Competence Breeds Trust
If you’ve run audio for very long, you’ve no doubt encountered timid singers. The ones who hold the microphone six inches or more from their mouths and get softer when they hear themselves. Experience will eventually help with part of this issue, but trusting the sound person is another important factor.
When a singer can be confident any sour notes they hit are not going to overshadow everything else, they tend to relax and sing more fully.
This requires attentiveness on the part of the audio engineer. Pay attention during rehearsals to who may not be as prepared as they should be or is just struggling with a particular part that week . Know if and when you may need to adjust their volume down. My mixing style tends to keep vocals close to the music anyway, but I try to be aware of spots where I may need to bury something for a second or so.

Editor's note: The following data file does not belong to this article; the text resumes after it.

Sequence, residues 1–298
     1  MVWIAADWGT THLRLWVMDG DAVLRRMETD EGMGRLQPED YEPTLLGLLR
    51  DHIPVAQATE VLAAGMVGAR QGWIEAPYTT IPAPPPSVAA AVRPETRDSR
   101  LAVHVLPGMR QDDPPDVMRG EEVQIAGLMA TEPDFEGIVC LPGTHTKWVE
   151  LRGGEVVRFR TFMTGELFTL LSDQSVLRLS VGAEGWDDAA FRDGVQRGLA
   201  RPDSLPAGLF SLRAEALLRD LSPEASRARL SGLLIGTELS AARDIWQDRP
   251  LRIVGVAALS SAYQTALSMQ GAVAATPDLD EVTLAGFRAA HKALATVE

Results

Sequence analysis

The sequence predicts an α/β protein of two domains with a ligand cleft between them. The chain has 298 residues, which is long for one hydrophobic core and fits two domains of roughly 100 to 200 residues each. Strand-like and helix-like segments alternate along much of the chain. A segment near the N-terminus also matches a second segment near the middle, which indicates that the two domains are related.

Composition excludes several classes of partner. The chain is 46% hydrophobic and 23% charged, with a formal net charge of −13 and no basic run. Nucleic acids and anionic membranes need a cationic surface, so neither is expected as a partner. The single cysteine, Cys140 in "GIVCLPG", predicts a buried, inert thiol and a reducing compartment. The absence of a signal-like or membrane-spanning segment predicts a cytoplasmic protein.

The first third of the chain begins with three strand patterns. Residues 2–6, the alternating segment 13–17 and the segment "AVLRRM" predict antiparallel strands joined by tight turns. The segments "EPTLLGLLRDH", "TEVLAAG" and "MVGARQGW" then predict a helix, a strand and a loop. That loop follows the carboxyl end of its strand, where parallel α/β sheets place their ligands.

Obviously you can’t do this as much with a lead singer as you can background singers, and there is only so much overall we can do. But knowing you are going to “protect” them and not hang them out to dry, will help them sing more confidently. This reassurance from you, as the one in control of the sound, should always be accompanied with proper mic technique instructions and a brief lesson on the proximity effect.
The same goes for musicians and speakers as well. I’ve had to pull instruments out of the mix more than once because their playing was off. If the team knows you care and will handle those awkward situations to minimize the effect, they will become more comfortable quicker.